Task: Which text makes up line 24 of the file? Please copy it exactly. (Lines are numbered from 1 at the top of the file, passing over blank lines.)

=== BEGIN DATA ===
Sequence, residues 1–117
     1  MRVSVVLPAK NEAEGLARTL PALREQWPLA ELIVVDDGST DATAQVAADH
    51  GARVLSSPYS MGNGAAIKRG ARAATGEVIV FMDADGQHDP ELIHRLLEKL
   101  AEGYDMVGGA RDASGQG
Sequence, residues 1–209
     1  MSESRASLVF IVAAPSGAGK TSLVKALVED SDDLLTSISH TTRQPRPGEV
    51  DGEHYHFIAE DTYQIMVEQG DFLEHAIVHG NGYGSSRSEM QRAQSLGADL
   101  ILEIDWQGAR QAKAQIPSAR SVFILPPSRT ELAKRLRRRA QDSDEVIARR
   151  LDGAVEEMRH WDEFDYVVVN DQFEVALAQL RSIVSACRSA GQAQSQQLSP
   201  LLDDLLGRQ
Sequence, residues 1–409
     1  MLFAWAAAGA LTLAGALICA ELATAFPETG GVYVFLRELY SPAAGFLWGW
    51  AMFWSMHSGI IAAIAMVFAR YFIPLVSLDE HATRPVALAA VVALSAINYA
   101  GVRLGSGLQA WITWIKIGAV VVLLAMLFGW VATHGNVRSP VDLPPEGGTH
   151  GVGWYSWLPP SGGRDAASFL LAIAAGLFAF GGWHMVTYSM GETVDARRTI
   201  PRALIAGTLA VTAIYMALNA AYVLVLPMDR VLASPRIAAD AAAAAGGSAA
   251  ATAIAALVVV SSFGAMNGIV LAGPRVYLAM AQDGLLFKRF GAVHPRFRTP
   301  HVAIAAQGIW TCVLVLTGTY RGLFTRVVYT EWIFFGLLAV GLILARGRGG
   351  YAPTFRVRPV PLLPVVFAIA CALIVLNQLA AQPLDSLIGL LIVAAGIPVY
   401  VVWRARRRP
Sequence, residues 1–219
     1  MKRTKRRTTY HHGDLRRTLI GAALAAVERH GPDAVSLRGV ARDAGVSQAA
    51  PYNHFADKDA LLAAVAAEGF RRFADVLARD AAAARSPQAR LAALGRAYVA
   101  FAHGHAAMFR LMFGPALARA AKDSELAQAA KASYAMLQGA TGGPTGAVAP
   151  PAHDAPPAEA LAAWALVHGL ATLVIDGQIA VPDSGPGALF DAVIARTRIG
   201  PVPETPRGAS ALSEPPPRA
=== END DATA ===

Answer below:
   101  FAHGHAAMFR LMFGPALARA AKDSELAQAA KASYAMLQGA TGGPTGAVAP